The public deserves real answers from several city agencies and BART about the proposed phase 1 Better Market Street project, which would tear up Market Street, between Fifth and Eighth streets, for as long as two to four years.
The National LGBT Media Association took a principled stand this month when it announced that it would not meet in Georgia due to the state having recently passed a hideous voter suppression law.
The recent news about a new exhibit detailing the life and political career of the late gay supervisor Harvey Milk in the terminal named for him at San Francisco International Airport was surprising.
Christina Dikas did the right thing when she withdrew her nomination for a seat on the SF Historic Preservation Commission just hours before a likely rejection from the Board of Supervisors.
The San Francisco Board of Supervisors should reject Mayor London Breed's nominee, Christina Dikas, to the Historic Preservation Commission.
Yeah, we'll toot our own horn. We've come a long way from when the first issue of the Bay Area Reporter rolled off the presses (or a mimeograph machine in the back of a gay bar) 50 years ago — April 1, 1971.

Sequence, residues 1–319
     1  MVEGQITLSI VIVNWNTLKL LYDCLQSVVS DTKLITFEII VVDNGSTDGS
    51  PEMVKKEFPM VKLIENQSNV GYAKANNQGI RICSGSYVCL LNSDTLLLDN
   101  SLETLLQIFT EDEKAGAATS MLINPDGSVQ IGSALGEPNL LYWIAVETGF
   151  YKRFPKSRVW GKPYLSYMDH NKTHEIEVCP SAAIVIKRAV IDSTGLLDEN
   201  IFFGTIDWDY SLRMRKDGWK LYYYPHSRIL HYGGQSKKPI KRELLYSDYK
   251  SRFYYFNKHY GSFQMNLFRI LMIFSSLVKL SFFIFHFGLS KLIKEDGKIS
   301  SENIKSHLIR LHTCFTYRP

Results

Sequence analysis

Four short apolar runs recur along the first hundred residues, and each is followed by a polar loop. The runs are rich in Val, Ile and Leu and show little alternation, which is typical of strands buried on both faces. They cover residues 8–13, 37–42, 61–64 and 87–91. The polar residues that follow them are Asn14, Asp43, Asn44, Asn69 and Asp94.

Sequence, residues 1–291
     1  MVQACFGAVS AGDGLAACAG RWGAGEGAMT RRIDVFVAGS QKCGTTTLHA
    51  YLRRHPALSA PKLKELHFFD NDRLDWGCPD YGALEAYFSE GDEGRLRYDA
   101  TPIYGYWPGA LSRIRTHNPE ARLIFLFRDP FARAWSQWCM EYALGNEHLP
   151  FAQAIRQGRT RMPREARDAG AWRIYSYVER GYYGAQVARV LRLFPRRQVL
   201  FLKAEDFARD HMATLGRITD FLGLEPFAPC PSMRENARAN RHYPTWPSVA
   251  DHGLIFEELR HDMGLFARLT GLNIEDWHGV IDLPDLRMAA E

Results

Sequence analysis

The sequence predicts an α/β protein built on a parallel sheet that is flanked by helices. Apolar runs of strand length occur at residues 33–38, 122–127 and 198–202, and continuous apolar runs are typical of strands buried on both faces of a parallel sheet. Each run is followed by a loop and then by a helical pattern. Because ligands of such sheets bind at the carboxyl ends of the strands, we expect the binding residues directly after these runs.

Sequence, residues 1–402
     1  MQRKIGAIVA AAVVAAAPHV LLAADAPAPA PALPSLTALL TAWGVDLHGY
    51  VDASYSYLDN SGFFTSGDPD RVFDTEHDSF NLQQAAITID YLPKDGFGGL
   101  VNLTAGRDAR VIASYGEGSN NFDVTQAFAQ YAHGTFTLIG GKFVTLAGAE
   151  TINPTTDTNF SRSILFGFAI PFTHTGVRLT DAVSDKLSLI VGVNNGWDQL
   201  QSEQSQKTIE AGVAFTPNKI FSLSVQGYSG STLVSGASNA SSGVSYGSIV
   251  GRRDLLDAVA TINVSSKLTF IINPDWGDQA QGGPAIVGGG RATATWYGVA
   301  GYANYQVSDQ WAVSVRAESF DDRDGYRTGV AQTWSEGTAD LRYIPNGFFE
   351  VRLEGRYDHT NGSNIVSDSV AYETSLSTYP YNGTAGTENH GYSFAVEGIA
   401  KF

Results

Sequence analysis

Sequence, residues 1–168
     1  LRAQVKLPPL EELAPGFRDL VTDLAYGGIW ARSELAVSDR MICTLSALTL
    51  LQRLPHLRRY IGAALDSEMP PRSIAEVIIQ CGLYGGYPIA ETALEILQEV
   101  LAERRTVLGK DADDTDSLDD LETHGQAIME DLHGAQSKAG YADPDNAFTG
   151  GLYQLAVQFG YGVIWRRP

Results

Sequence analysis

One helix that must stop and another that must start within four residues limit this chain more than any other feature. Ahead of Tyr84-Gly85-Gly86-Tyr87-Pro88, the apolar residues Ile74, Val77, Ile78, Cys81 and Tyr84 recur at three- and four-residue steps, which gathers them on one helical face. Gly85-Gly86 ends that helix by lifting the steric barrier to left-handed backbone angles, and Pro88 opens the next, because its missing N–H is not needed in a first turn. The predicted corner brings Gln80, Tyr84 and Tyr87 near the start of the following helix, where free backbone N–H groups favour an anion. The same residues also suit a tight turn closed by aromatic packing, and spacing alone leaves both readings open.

Listening to some San Francisco Unified School District students speak at Tuesday's Board of Education meeting was a lesson in humility — or at least it should have been for embattled Commissioner and board Vice President Alison Collins.
Three members of the LGBTQ community — all people of color — have accused the San Francisco Fire Department of discrimination this year.
We are fully on board with a letter several state lawmakers sent to the Joint Legislative Audit Committee this week requesting an audit of the California Department of Public Health.
San Francisco Mayor London Breed should rescind her nomination of Christina Dikas for a seat on the Historic Preservation Commission.
When the U.S. House of Representatives passed the Equality Act last week, it marked the second time the lower chamber had approved the sweeping legislation that would add sexual orientation and gender identity to the 1964 Civil Rights Act.
While the COVID-19 vaccine rollout remains uneven in California, it's a relief that most people over the age of 65 can now make an appointment — that is if sites have the vaccine and are open.